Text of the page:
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England in the World Cup, finding out Santa doesn’t exist, the first time you have sex and watching the films of Michael Bay, any of them, are all disappointing life experiences.

That sinking feeling you get when you have been looking forward to something, only for it to blow up in your face in a puff of missed opportunity, it can be a hard thing to get over. This is especially true when it comes to movies. If it’s a follow-up to a smash hit blockbuster or an adaptation of a beloved franchise, sometimes productions crumble under the pressure and end up being critical failures.

So make yourself a cup of tea and come with us on a journey of broken dreams as WhatCulture uses this scientific formula

scientific formula

to work out and count down the 100 Most Disappointing Films Of All Time. And take note, we’re not saying every film on this list is a bad film, some are good and some have even gone on to become ”cult classics,” but all are disappointments in terms of what they could have been.

 

100. RoboCop 2 (1990)

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After the success of his bleak Batman graphic novel The Dark Knight Returns, Frank Miller was approached to write the sequel to one of the best films to come out of the 1980s, RoboCop. Paul Verhoeven was busy with Total Recall and unable to return, and directing duties passed to The Empire Strikes Back director Irvin Kershner.

Even with Peter Weller reprising his role as Alex Murphy/RoboCop and the inclusion of Verhoeven style news reports and tongue-in-cheek adverts, RoboCop 2 failed to take anything else from the first movie. Instead of carrying on the humanization of RoboCop he was almost reset to how he was before his journey of self discovery that concluded with him killing the man who was responsible for his death.

Frank Miller’s script was considered unfilmable and ultimately rewritten. The violence was increased, satire diluted and the decision to make one of the main antagonists a pre-teen named Hob was heavily criticised. Both Weller and Nancy Allen who returned as Officer Lewis, made their feelings known that they thought the film was a negative experience to work on. RoboCop 2 needed the Verhoeven magic.

Frank Miller’s original script did resurface in comic book form, however in many ways it’s thankful that his story wasn’t turned into a feature as it’s not very good either.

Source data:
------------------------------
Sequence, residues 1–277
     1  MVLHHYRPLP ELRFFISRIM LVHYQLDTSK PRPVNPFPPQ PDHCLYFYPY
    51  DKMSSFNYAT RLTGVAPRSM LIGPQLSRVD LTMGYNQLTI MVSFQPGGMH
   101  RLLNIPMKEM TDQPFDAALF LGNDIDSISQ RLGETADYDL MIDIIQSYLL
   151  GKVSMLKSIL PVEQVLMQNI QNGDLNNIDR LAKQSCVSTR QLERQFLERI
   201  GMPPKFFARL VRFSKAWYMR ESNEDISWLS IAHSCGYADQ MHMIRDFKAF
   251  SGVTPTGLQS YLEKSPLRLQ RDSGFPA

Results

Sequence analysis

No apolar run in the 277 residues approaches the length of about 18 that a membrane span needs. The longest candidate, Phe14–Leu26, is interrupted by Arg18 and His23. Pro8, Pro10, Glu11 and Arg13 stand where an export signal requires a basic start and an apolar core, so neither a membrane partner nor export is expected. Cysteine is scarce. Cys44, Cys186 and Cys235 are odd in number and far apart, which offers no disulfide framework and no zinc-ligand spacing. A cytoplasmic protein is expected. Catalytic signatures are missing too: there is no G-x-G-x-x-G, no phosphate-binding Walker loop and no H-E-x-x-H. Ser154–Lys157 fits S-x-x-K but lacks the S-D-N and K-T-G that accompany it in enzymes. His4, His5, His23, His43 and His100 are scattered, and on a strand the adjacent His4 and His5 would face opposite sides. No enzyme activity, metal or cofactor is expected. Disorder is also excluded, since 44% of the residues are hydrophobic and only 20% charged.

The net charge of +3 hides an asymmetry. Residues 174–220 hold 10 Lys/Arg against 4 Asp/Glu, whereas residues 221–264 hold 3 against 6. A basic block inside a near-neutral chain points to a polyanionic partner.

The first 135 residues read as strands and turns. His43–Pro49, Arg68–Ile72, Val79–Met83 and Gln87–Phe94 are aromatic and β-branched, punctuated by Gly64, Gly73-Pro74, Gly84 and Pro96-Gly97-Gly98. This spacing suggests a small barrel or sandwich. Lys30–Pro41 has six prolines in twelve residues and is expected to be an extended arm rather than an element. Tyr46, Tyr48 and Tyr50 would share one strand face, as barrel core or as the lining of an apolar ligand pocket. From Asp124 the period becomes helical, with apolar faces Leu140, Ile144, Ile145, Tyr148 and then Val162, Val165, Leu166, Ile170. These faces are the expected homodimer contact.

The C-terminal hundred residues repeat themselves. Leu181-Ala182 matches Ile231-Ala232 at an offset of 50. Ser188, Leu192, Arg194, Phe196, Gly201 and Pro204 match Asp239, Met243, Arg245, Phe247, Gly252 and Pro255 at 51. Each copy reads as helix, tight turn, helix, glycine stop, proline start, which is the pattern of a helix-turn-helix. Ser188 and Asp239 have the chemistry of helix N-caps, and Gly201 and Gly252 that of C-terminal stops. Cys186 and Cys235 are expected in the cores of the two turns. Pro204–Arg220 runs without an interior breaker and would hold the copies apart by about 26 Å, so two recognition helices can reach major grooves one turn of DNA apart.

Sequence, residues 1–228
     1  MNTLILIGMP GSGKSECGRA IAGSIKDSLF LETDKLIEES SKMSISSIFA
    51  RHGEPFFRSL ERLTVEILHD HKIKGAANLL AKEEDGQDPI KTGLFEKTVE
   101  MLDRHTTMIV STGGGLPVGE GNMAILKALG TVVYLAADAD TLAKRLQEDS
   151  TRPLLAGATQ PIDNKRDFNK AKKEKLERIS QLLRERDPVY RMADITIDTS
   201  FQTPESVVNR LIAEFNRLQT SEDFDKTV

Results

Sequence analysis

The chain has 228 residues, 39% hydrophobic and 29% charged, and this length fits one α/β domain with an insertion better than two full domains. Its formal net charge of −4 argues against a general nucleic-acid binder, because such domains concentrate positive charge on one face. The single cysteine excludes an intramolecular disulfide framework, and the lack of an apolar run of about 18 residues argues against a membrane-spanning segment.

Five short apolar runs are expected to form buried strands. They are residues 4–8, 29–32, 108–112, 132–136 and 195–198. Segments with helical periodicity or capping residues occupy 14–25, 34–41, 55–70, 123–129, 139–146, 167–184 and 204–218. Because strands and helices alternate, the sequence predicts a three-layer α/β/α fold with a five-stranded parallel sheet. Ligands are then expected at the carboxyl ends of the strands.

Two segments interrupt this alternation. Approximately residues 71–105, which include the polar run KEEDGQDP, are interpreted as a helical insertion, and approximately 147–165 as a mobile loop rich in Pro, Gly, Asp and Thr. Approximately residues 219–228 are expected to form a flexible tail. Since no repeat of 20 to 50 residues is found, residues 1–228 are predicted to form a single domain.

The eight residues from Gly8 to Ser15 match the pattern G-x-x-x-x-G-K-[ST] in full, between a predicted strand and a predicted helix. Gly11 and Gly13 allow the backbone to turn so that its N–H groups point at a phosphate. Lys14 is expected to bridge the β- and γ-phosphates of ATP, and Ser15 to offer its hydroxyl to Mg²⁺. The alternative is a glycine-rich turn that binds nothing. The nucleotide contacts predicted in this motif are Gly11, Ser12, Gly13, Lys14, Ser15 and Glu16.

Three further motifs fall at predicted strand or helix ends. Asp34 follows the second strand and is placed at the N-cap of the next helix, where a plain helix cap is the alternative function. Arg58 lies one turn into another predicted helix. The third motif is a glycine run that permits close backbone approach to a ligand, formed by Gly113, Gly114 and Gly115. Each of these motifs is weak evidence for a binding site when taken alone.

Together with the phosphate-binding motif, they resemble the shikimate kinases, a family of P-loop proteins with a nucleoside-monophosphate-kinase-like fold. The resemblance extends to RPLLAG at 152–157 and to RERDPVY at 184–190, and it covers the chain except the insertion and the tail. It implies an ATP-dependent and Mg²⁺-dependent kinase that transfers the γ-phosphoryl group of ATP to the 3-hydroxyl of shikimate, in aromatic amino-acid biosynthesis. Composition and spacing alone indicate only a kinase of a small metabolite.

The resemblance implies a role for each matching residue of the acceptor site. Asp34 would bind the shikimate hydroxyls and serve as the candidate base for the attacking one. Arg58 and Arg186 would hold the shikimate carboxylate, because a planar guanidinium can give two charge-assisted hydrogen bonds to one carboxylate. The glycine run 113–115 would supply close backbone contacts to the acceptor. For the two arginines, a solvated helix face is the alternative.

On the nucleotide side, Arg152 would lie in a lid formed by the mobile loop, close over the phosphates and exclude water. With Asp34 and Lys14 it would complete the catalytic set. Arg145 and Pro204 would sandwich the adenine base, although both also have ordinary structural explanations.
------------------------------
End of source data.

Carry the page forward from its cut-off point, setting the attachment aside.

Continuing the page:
99. The Lovely Bones (2009)

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With the Lord Of The Rings trilogy under his belt and King Kong being a fairly decent (if overlong) remake, when it was announced that Peter Jackson would be tackling Alice Sebold’s bestselling novel The Lovely Bones, the general consensus was that Jackson was the best person to bring the books themes to the cinema.

The story centers around a teenage girl named Susie Salmon who is raped and murdered by a next door neighbour. Looking down from the Afterlife, Susie watches her family deal with her murder while she attempts to come to terms with her own death.

Where the book managed to find the right balance between the more supernatural afterlife moments and the horrific events unfolding in the real world, Jackson missed the mark completely and the transitions between the two were jarring to say the least. Although most of the cast acted their socks off, especially Stanley Tucci who was on top form as pedophile Harvey, it seemed that Jackson had forgotten to focus on telling a good story and instead his priority was creating pretty imagery.

 

98. Lara Croft Tomb Raider (2001)

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Anyone who grew up with the first PlayStation, the chances are that you had one or two dirty thoughts about Lara Croft. So when it was announced that Angelina Jolie would be bringing her to life in a big screen movie, teenage boys around the world jumped for joy with awkward bulges in their pants. The Tomb Raider games were pretty decent so with the ideal casting choice, we were all hoping for a fun, Indiana Jones type, archaeological adventure film.

But we should have known better. In a typical Hollywood move, they pumped out a film that was full of forgettable action scenes, a weak plot that couldn’t carry the ambition and direction that lacked any drive to generate excitement. Jolie’s performance was praised but everything else was was panned.

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This article was first posted on January 1, 2013